6. Laura Bush: The Brothers Karamazov, by Fydodor Dostoyevsky: Former First Lady and librarian Laura Bush championed children’s literacy while her husband was in office, but one of her favorite books is the dark and complex Brothers Karamazov by Dostoyevsky. The Russian masterpiece is a startlingly realistic portrait of life in Russia and of human nature and spirituality.
  7. Oprah Winfrey: To Kill a Mockingbird, by Harper Lee: Millions of Americans have followed Oprah Winfrey’s book club over the years, but the media magnate’s favorite book of all time is the classic novel To Kill a Mockingbird, which many students read in junior high school. The socially significant novel — which was also turned into an Academy Award winning film starring Gregory Peck — tells the story of a Southern town divided over a court case condemning a black man of raping a white woman.
  8. Ronald Reagan: The Adventures of Tom Sawyer, by Mark Twain: President Ronald Reagan left a strong legacy of economic strength and important diplomatic progress, but the former movie star fostered a child-like appreciation for adventure and excitement, naming Mark Twain’s The Adventures of Tom Sawyer as one of his favorite books of all time. Twain’s novel is more than a children’s story, however. It’s also a clever social, political and cultural commentary on American life in the Antebellum South.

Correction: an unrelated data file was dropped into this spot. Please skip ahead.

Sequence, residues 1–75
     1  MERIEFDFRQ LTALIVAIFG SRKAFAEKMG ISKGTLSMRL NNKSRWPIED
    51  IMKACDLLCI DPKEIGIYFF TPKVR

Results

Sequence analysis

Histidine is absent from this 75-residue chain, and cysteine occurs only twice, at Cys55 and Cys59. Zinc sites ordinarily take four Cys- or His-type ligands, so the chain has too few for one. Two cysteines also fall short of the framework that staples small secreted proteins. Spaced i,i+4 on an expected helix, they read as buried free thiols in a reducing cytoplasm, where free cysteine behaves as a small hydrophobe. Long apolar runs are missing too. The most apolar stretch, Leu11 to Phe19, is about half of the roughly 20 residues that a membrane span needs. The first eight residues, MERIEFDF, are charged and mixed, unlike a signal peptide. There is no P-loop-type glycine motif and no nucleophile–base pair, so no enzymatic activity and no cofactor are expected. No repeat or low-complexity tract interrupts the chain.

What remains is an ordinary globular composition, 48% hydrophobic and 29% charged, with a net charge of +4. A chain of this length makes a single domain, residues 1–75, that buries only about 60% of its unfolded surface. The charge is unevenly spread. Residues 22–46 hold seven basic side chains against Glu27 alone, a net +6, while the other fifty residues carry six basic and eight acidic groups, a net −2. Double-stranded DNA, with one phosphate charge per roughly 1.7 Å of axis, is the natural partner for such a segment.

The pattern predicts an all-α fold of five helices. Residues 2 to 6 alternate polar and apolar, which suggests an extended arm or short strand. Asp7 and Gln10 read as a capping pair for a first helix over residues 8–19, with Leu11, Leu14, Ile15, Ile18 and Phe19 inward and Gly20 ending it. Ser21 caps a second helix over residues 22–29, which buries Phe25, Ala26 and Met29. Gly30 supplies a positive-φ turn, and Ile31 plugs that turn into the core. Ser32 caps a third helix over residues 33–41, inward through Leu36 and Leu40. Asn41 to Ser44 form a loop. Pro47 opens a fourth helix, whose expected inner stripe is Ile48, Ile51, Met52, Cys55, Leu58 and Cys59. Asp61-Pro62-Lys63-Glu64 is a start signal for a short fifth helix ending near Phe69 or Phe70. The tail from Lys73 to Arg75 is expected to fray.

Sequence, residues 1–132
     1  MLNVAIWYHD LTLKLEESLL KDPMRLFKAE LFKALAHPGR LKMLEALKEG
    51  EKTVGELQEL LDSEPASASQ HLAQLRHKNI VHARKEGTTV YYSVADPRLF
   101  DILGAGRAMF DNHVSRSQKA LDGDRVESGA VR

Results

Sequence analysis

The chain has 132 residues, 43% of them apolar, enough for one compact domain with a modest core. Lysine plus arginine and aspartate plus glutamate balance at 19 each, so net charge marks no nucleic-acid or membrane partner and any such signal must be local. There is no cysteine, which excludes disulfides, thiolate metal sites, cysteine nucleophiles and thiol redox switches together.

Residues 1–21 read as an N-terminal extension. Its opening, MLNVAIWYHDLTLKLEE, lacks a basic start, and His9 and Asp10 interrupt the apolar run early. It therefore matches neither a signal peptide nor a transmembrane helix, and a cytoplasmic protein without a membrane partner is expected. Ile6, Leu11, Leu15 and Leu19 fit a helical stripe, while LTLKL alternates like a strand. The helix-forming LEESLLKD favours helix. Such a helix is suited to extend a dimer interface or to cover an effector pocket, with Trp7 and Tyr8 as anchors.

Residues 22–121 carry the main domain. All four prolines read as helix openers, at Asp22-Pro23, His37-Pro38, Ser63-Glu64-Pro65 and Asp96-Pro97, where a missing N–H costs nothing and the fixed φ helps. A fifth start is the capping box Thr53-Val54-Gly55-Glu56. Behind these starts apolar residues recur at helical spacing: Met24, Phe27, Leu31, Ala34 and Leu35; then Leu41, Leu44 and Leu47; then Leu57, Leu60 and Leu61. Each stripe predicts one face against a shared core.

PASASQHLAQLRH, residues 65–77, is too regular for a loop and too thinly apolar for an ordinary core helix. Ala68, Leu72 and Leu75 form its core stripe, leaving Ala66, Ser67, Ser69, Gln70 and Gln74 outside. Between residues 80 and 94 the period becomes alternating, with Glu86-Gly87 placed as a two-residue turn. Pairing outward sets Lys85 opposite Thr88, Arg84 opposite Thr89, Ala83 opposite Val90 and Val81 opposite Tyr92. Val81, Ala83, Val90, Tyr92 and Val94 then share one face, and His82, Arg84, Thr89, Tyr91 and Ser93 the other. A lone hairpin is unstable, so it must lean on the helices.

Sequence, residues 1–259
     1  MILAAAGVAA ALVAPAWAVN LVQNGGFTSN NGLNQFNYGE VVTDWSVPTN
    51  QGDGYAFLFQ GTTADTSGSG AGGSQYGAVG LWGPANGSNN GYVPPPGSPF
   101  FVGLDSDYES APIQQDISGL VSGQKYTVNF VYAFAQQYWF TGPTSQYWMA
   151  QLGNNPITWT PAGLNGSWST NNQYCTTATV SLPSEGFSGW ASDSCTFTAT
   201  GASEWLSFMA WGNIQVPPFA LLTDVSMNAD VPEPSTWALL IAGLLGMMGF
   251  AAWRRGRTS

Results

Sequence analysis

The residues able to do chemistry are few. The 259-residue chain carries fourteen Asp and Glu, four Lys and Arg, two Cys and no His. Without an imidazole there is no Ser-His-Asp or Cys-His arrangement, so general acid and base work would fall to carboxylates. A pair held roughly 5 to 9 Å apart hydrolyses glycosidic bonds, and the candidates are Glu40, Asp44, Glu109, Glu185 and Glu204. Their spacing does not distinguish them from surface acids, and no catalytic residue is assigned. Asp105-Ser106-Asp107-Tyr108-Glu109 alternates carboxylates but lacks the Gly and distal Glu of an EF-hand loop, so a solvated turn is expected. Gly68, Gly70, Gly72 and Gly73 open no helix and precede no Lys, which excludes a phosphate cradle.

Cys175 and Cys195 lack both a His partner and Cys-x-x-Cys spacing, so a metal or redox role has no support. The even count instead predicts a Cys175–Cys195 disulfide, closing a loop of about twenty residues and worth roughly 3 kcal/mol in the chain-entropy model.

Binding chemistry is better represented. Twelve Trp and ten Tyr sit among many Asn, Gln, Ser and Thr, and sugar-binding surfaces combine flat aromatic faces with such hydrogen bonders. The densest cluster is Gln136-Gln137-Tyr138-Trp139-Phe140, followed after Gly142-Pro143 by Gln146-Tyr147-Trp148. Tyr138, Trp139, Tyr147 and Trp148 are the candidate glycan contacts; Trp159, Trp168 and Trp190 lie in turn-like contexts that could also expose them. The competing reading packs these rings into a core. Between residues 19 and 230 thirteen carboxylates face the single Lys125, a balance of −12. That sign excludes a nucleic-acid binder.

9. Rudolph Giuliani: Profiles in Courage, by John F. Kennedy: Although John F. Kennedy was a fan of Ian Fleming’s James Bond novels, he was also a respected author in his own right. His book Profiles in Courage inspired another high-profile leader in American politics, former New York City mayor and Republican presidential candidate Rudolph Giuliani. Profiles was actually written when Kennedy was still a senator, and the biography tells the stories of eight heroic senators — including John Quincy Adams, Sam Houston and Lucius Lamar — who stood up for their beliefs despite harsh criticism from their peers and the public. The book won a Pulitzer Prize.
  10. Donald Trump: The Power of Positive Thinking, by Norman Vincent Peale: It would be hard to argue that businessman, reality TV star and real estate champ Donald Trump suffers from low self-esteem, and that could be to the credit of Norman Vincent Peale’s book The Power of Positive Thinking. Listed as one of Trump’s most inspirational reads, this book has sold over 7 million copies since it was first published in 2007. Its most powerful lesson helps readers rediscover faith in themselves.
  11. Lee Cockerell: Creating Magic by Lee Cockerell: I have to admit that my favorite book of all times is my book CREATING MAGIC and my second most favorite book is my second book, THE CUSTOMER RULES. They are both written in way that presents leadership and customer service in an easy to understand format and  teaches and inspires the reader to understand that they too can create magic and make dramatic improvements in customer service.



2 Responses to “Favorite Books of Famous People and My Personal Favorites”

  1. Jim McCall says:

    Lee I agree I did enjoy your book but isn’t it cheating if you choose yourself?

  2. Lee, I’d have to agree with adding your book to the list. I use examples from it in my leadership classes and people are always wanting to borrow it from me. I may have to get another copy.